So in the 1840s, is it brave for Hughes to stand up against --
Yes, I think it is brave and, depending on your view, foolhardy or courageous or belligerent. But brave is fair. He had no fear. As far as we can tell, he was very tough-minded. And again, I think he saw part of his job as rallying Catholics to a stronger sense of their own identity: Do not let yourself be seduced by, turned away from the faith of your ancestors and the faith that you've inherited. And do not let the public schools be the agent of that seduction.
How did Protestants view Hughes?
I think they saw him as a very threatening figure. After the school fight, there was a little bit of a period of an interregnum, where I believe he actually addressed Congress. ... That suggests that temperatures had cooled a little bit, so that he was invited to do that and he was allowed to do that.
But by the 1850s he's making very strong statements, and at one point Hughes gives a fairly famous talk about the goal of Catholicism is to convert the United States and to make this a majority Catholic country. That's a shocking statement -- and Hughes knew that -- to make in the United States in the 1850s. So he liked taking a provocative stand. And he saw building Catholic schools and building Catholic institutions as a way of building a Catholic culture in this country and pride in Catholicism as a religion that's not of the past but of the future.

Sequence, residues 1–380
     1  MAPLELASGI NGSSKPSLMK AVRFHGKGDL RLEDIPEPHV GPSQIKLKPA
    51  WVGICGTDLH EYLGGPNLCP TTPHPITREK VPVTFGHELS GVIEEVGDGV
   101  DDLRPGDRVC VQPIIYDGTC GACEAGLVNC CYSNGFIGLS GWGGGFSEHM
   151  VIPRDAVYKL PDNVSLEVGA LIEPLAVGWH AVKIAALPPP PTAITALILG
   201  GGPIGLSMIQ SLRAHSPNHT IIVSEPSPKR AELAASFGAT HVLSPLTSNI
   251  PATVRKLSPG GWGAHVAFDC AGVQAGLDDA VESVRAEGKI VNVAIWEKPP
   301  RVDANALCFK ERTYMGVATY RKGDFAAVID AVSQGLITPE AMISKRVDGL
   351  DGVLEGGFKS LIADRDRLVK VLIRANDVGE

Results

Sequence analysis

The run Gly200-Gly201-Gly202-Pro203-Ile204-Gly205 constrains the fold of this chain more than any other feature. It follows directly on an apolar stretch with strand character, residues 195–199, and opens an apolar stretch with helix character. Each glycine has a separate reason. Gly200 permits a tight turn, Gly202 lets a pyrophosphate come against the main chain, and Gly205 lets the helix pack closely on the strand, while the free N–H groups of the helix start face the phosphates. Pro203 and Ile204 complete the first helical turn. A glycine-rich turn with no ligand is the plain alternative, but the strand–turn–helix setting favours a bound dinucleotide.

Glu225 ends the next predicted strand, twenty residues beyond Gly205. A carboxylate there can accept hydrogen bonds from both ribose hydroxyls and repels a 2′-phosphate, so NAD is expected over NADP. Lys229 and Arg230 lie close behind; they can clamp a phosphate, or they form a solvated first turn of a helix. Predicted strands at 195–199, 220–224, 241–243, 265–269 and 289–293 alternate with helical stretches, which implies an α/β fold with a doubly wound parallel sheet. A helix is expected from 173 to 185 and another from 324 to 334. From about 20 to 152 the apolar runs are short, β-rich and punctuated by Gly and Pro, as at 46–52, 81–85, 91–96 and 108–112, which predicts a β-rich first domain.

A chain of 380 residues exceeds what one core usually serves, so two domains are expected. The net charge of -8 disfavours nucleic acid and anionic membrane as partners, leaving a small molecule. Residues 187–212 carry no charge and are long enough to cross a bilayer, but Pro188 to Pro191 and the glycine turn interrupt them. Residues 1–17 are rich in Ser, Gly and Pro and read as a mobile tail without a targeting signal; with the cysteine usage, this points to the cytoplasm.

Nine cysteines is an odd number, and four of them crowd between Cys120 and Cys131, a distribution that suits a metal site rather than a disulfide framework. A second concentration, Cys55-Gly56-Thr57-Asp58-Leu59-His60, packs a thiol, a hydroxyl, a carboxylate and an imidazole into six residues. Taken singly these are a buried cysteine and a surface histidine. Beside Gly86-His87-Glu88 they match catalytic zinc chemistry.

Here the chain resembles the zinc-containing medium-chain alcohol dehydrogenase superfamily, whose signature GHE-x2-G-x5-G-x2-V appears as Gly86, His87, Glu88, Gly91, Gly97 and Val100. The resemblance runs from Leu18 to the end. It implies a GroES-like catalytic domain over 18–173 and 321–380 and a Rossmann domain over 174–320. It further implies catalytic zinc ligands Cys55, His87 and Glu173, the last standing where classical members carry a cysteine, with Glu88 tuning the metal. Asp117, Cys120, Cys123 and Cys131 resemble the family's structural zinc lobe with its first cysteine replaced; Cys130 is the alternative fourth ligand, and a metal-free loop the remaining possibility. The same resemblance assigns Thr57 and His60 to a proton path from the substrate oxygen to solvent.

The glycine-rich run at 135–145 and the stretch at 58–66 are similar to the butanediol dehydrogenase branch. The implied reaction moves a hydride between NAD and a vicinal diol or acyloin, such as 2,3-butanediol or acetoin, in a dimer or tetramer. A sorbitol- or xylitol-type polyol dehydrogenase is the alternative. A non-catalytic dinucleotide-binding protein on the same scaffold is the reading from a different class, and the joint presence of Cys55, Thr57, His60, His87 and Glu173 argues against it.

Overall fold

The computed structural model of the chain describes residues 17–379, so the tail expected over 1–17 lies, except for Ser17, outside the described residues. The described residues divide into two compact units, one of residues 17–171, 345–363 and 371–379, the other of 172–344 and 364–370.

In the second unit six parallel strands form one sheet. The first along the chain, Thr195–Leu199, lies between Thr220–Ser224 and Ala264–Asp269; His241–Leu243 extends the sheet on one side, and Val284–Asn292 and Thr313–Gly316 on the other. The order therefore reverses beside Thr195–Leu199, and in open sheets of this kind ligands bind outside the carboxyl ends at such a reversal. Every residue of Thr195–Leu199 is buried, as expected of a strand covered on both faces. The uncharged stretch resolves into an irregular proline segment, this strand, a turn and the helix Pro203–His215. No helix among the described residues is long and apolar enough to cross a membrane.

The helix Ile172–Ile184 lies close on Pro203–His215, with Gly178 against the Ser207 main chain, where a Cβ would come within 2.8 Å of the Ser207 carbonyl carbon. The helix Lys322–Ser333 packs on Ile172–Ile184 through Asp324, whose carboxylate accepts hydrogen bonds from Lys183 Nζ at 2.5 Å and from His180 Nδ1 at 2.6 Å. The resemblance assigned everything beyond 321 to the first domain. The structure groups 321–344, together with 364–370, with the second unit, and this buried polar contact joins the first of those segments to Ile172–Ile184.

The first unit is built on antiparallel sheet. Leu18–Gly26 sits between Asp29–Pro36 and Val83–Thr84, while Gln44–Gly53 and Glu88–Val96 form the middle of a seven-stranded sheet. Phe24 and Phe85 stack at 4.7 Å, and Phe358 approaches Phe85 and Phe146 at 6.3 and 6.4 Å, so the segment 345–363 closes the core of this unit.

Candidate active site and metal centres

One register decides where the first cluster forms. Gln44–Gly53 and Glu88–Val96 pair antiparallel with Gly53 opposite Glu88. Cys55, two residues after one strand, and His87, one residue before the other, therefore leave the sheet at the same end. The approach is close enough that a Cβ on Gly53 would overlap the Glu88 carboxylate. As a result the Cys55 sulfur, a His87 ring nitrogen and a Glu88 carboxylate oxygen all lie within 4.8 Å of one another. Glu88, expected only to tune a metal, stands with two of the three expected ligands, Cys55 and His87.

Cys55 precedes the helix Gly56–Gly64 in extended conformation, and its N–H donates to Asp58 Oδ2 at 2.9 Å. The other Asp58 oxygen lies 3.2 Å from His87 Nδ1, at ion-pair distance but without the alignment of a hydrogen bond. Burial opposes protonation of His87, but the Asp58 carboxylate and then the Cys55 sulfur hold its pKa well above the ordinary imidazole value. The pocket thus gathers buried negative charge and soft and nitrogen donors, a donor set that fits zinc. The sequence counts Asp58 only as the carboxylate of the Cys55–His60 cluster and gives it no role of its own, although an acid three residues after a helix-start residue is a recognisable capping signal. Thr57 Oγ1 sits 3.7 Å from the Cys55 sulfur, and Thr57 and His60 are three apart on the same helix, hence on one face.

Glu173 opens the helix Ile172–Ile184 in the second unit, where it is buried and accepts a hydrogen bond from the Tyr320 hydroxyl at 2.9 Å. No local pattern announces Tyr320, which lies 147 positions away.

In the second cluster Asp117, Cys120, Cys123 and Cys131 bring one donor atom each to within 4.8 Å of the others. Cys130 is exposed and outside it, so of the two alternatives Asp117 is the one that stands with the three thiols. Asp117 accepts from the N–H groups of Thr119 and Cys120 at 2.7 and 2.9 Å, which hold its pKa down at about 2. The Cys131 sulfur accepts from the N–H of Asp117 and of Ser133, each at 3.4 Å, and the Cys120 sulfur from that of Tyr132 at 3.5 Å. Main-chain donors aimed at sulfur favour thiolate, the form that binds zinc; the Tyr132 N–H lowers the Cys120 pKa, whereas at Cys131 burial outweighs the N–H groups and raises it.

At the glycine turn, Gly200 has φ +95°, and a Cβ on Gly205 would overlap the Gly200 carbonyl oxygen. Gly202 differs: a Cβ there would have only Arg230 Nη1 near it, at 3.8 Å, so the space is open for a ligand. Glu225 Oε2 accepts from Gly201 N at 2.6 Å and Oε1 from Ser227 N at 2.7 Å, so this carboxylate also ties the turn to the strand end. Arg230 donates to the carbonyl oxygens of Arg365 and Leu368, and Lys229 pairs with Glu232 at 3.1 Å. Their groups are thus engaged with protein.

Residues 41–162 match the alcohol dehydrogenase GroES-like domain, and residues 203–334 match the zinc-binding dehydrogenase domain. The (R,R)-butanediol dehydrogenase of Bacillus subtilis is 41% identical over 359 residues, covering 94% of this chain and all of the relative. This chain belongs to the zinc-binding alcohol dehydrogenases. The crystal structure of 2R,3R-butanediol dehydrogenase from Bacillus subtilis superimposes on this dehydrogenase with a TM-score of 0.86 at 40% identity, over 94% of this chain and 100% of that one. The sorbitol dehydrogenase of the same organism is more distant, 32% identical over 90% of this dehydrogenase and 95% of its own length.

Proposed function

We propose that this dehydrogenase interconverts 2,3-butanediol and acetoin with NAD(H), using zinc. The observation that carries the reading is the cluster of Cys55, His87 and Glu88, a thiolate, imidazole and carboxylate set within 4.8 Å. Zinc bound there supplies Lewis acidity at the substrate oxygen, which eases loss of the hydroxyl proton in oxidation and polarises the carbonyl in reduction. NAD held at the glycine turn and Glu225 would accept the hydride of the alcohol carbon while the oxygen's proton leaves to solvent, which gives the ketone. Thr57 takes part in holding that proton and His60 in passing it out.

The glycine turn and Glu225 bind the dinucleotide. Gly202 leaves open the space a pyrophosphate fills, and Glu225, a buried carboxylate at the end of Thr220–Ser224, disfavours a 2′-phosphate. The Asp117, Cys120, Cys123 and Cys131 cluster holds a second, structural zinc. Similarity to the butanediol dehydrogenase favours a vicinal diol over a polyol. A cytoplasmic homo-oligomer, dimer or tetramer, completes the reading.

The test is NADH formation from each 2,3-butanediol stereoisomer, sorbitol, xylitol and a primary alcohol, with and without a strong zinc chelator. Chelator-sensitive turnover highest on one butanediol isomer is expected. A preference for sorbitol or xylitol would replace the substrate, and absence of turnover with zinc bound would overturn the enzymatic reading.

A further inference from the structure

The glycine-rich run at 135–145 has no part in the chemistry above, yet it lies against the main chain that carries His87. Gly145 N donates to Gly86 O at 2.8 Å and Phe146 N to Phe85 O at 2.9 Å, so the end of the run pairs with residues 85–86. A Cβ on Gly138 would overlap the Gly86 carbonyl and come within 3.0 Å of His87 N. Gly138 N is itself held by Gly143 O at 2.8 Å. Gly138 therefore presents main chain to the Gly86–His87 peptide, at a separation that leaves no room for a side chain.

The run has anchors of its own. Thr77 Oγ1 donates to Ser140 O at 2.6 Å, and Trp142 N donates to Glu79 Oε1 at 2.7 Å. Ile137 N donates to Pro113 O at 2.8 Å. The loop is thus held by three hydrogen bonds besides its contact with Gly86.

When Hughes challenges the schools in 1842, he seems to embody all that people had feared about Catholics.
Right. Here is this unelected bishop, appointed by the pope in Rome, telling thousands, maybe hundreds of thousands, of our fellow citizens how they should vote in what became a political contest, or certainly how they should think about a hot political issue. That was the fear of many Protestants: We're going to have bishops interfering in our politics.
Now, of course religious liberty might say to us that everyone has the right to think what they want and everybody has the right to tell people how they think they should vote. But Protestants looked at Catholicism and saw -- they thought, at least -- that Catholics are more or less like sheep; they're going to do exactly what they're told, and if we have people like Hughes telling Catholics what to do, we're in trouble in a republican society that depends upon the autonomy of each individual and that individual's ability to vote on his or her own.